Fallen Soldiers Honored

pauline-guiuan
el-vaquero-staff-writer/" class="creditline">PAULINE GUIUAN
El Vaquero Staff Writer

Plaza Vaquero took on the aura of a memorial park Nov. 8 with hundreds of gleaming white crosses spreading from the Administration building walkway up to the cafeteria. A recreation of the Arlington West display held every weekend in Santa Monica, the 856 crosses that lined the grass, some draped with flowers and American flags, represented fallen American soldiers in Iraq.

This powerful memorial, erected in remembrance of the 2,055 dead and 14,902 wounded American soldiers in Iraq, was one part of the Day of Remembrance celebration put together by the GCC Justice Coalition, Veterans for Peace and the Iraq Veterans Against The War (IVAW) as a timely commemoration of Veterans Day.

Members of these organizations set up the crosses by hand, one by one, earlier that day. A program composed of speeches and poems representing anti-war sentiments was held at the Plaza at noon.

“We’ve been preparing for this since October,” said Elisa Felix of the Justice Coalition. “We specifically wanted it [held] on this week since Friday is Veteran’s Day.”

The Justice Coalition, according to member Freddy Moncada, who opened the program with a short speech, is an organization that aims to make students “aware of what’s going on around the world” through the activities they promote.

Kathleen Miner, another member of the organization, enumerated several facts about the war in Iraq.

“The cost of the war is $203.3 billion,” said Miner. She “$1.2 billion [dollars] will be spent in 2006 on ballistic missiles and-defense.” Miner added that the amount should be spent on funding 134 elementary schools rather than on weapons of destruction.

Miner went on to mention the names of soldiers from California who had been killed in Iraq.

“It’s widely known that the government does not report all the names [of dead soldiers],” Miner said, explaining that only numbers, and not the deceased soldiers’ individual names, are made known to the public. “What kinds of lives would they have had? It’s unfortunate that we are never going to know.”

A few veterans from previous wars also made speeches protesting armed conflict in Iraq. One of them was Marcus Eriksen from Veterans for Peace, a veteran from the first Gulf War.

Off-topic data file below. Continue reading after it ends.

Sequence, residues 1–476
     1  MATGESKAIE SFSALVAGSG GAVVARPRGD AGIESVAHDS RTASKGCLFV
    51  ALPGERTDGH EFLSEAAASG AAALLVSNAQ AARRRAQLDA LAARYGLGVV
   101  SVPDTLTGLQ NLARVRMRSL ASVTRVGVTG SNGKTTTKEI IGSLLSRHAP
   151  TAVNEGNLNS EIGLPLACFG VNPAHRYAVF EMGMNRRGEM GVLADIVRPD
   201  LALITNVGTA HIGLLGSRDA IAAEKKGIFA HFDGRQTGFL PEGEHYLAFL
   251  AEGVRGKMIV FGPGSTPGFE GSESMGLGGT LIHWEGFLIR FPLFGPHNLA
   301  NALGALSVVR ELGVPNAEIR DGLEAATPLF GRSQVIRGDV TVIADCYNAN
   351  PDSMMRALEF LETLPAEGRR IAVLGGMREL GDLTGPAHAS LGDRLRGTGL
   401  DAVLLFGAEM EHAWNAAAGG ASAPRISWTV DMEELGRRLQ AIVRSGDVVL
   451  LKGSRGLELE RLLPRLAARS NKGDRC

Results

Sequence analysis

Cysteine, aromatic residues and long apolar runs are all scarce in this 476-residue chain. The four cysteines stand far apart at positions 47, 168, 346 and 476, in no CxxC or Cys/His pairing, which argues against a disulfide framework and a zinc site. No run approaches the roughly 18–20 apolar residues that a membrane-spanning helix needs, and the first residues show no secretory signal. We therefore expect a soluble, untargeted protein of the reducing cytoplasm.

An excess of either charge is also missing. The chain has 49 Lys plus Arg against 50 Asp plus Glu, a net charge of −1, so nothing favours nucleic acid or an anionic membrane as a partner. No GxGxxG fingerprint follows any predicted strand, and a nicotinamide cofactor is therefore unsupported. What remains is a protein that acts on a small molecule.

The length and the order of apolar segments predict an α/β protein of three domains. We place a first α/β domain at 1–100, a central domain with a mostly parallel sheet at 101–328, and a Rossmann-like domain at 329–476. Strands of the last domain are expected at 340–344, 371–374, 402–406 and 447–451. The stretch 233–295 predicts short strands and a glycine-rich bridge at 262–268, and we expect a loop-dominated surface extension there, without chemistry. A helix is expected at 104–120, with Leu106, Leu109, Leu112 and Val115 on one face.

Eriksen shared an experience from the Gulf War in which he reached under the driver’s seat in an Iraqi tank and pulled out a pair of binoculars. He saw that it was the exact same pair as the one he was using; it was also American-made. According to Eriksen, the same is true for weapons used in war.

“How many Americans were killed by this American weapon?” Erikson asked his audience, referring to American-made guns used by Iraqi soldiers. “This war is a business.”

A Vietnam War veteran, Mark Scully, spoke on how the war changes the lives of its victims, particularly the soldiers. “Veterans are wonderful people, but they’ve had horrible experiences,” Scully said.

Scully went on to remind listeners about other wars in the past century, beginning with World War I, which he compared to more recent wars such as the one in Iraq when it comes to its effects on the lives of soldiers.

“We’ve been looking at the same war since 1908,” he said. For Scully, the war is a “ripple in the water,” acting like a cycle in the lives of veterans.

A GCC student, Gabriel Acosta, whose brother is a soldier currently stationed in Iraq, expressed hopes that the soldiers could soon come home safely.

Two other students, Maya Rumble and Alejandra Morataya, also read poems promoting peace.

At the end of the program, there was a moment of silence. The names of American casualties of the Iraq war were then called out one by one as students laid flowers and flags in front of the crosses.
“We need to overcome apathy,” said Tim Goodrich of the Iraq Veterans Against The War. “A lot of the troops are against the war too. They want to go home.”